AUT Scientists Create Antimicrobial, Anti-Cancer Wound Dressing

Sunday, June 21, 2020 - 14:12

A group of scientists from the Faculty of Textile Engineering at Amirkabir University of Technology in collaboration with researchers of University of Granada in Spain have succeeded to make and produce wound dressings with antimicrobial and anti-cancer properties.

According to an ISCA report, Seyed Abbas Nourian Najafabadi, a textile graduate, explained that two types of metal-organic framework called glutamate-zinc framework have been used as BioMOF and metal-organic framework (3.5-dimethyl-4-carboxy pirazolate-zinc as MOF)."

Nourian declared that "By placing the drug in the porous structure of the metal-organic framework, controlled release of the drug is possible and the wound dressing can be used for a longer period of time. In this regard, using nitric acid gas (a gas with antimicrobial properties) and fluorouracil (anti-cancer skin) can be used for wound dressing with antimicrobial or anti-cancer pad properties."

Based on the research, “Risk factors of nonhealing wounds include persistent bacterial infections and rapid onset of dehydration; therefore, wound dressings should be used to accelerate the healing process by helping to disinfect the wound and provide moisture.

“In this research, the Iranian scientists studied the physicochemical properties of the dressing using Fourier transform infrared, 1H NMR, and 13C NMR spectroscopies and scanning electron microscopy, energy-dispersive X-ray, and thermomechanical analyses.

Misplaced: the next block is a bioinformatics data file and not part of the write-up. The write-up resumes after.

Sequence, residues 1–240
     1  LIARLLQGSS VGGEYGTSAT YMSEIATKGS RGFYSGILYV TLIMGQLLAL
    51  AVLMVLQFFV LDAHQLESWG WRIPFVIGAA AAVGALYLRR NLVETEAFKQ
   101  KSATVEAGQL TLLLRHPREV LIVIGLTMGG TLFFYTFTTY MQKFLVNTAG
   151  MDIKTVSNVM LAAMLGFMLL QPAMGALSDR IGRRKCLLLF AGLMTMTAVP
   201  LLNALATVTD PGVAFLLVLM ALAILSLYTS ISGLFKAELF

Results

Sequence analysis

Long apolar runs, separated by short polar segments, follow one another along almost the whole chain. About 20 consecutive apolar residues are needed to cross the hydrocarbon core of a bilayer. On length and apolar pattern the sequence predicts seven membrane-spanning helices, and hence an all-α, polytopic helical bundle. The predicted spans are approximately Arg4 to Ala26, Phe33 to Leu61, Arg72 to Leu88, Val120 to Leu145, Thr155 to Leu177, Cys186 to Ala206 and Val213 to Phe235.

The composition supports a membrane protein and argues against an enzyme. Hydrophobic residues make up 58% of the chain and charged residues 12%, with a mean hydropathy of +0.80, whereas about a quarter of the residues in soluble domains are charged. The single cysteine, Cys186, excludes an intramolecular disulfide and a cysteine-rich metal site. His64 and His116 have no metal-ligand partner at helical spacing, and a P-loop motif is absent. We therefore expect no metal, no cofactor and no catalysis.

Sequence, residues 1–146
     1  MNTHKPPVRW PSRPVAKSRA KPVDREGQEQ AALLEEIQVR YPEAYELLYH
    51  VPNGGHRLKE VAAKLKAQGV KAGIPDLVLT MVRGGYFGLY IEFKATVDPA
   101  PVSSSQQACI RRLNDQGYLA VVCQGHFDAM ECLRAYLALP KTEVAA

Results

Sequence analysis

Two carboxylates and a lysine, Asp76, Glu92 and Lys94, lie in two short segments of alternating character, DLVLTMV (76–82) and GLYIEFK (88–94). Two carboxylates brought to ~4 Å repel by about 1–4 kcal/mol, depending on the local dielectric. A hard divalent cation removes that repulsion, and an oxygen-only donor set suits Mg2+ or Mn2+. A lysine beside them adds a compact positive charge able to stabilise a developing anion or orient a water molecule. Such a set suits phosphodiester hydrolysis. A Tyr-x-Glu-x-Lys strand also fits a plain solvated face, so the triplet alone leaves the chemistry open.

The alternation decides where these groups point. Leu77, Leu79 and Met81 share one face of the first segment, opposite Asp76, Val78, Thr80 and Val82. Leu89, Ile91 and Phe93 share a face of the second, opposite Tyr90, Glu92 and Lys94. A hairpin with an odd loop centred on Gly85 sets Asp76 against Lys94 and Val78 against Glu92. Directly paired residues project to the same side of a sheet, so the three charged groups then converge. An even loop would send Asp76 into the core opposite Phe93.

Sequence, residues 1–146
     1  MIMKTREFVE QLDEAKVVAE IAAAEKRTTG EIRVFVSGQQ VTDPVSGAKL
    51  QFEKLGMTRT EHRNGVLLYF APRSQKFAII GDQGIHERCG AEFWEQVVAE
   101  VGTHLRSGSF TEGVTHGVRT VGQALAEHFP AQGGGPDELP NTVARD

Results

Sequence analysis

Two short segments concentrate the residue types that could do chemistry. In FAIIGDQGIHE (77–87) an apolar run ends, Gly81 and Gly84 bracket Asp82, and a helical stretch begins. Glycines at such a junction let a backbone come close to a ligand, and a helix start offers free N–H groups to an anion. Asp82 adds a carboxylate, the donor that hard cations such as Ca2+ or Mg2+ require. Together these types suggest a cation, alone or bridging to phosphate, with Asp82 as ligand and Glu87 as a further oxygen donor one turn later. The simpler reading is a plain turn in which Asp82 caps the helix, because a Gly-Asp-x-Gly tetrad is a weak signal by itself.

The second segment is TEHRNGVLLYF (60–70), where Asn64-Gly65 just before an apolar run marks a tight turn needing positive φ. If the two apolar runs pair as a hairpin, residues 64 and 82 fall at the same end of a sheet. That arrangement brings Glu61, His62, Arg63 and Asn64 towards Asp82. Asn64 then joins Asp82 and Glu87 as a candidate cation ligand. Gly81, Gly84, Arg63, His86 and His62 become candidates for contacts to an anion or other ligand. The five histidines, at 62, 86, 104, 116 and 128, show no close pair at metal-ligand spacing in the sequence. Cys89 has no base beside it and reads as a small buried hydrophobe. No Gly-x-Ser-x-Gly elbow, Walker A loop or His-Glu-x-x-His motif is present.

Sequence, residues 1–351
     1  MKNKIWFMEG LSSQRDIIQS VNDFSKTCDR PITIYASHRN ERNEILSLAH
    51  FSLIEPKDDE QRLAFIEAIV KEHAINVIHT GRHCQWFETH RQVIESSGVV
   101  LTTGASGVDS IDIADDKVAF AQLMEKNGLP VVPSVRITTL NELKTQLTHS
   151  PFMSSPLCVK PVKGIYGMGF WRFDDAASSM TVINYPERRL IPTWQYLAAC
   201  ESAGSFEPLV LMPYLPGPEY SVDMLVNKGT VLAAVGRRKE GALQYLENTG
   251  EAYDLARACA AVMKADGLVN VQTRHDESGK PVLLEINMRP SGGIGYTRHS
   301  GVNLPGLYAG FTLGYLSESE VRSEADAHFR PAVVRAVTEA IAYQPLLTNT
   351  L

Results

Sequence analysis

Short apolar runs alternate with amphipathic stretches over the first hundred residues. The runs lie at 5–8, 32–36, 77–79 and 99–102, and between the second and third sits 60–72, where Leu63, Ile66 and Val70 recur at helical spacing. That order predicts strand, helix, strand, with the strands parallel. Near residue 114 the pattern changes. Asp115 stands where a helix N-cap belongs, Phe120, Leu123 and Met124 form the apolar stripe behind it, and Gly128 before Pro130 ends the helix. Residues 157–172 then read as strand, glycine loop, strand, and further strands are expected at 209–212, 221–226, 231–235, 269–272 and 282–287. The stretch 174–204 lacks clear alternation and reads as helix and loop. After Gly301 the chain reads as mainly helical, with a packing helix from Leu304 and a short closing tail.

“The surface-modified polyurethane demonstrated improved hydrophilicity and tensile Young’s modulus that approximated natural skin, which was in the range of 1.5–3 MPa. Cell viability and in vitro wound closure, assessed by MTS and the scratch assay, confirmed that the dressing was cytocompatible and possessed fibroblast migratory-promoting activity.

“The surface-modified CPU had up to 100% antibacterial activity against Staphylococcus aureus and Escherichia coli as Gram-positive and Gram-negative bacteria, respectively. In vivo assessments of both noninfected and infected wounds revealed that the surface-modified CPU dressing resulted in a faster healing rate because it reduced the persistent inflammatory phase, enhanced collagen deposition, and improved the formation of mature blood vessels when compared with CPU and commercial Tegaderm wound dressing.”

As Nourian noted, this study has been conducted in collaboration with the University of Granada for two years, led by Hemmatinejad (a faculty member of Amirkabir University of Technology) and Jorge Navarro (a faculty member of the University of Granada-Spain).

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